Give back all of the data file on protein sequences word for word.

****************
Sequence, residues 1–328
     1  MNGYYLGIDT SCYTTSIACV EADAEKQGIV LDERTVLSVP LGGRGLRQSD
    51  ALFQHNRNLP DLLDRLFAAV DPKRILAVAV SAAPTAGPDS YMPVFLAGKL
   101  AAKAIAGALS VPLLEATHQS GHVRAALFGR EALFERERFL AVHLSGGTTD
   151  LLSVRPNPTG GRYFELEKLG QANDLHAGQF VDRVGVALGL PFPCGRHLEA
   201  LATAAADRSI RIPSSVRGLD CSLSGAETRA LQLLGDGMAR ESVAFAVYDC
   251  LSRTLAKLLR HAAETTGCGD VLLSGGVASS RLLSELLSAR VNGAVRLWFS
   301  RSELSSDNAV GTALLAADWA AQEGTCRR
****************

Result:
Sequence, residues 1–328
     1  MNGYYLGIDT SCYTTSIACV EADAEKQGIV LDERTVLSVP LGGRGLRQSD
    51  ALFQHNRNLP DLLDRLFAAV DPKRILAVAV SAAPTAGPDS YMPVFLAGKL
   101  AAKAIAGALS VPLLEATHQS GHVRAALFGR EALFERERFL AVHLSGGTTD
   151  LLSVRPNPTG GRYFELEKLG QANDLHAGQF VDRVGVALGL PFPCGRHLEA
   201  LATAAADRSI RIPSSVRGLD CSLSGAETRA LQLLGDGMAR ESVAFAVYDC
   251  LSRTLAKLLR HAAETTGCGD VLLSGGVASS RLLSELLSAR VNGAVRLWFS
   301  RSELSSDNAV GTALLAADWA AQEGTCRR